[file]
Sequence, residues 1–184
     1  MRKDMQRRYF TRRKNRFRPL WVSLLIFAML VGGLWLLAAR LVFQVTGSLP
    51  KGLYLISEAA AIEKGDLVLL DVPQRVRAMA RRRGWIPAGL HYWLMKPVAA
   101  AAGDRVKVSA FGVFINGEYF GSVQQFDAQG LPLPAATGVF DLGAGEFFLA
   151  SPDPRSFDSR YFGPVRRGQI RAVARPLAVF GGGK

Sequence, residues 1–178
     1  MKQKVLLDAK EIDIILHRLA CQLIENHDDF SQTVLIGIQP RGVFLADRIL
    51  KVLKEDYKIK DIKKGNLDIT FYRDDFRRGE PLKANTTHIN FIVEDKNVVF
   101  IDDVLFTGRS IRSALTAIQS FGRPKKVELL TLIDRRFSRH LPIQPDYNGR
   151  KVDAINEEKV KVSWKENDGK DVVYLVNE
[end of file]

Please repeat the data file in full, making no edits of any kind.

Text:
Sequence, residues 1–184
     1  MRKDMQRRYF TRRKNRFRPL WVSLLIFAML VGGLWLLAAR LVFQVTGSLP
    51  KGLYLISEAA AIEKGDLVLL DVPQRVRAMA RRRGWIPAGL HYWLMKPVAA
   101  AAGDRVKVSA FGVFINGEYF GSVQQFDAQG LPLPAATGVF DLGAGEFFLA
   151  SPDPRSFDSR YFGPVRRGQI RAVARPLAVF GGGK

Sequence, residues 1–178
     1  MKQKVLLDAK EIDIILHRLA CQLIENHDDF SQTVLIGIQP RGVFLADRIL
    51  KVLKEDYKIK DIKKGNLDIT FYRDDFRRGE PLKANTTHIN FIVEDKNVVF
   101  IDDVLFTGRS IRSALTAIQS FGRPKKVELL TLIDRRFSRH LPIQPDYNGR
   151  KVDAINEEKV KVSWKENDGK DVVYLVNE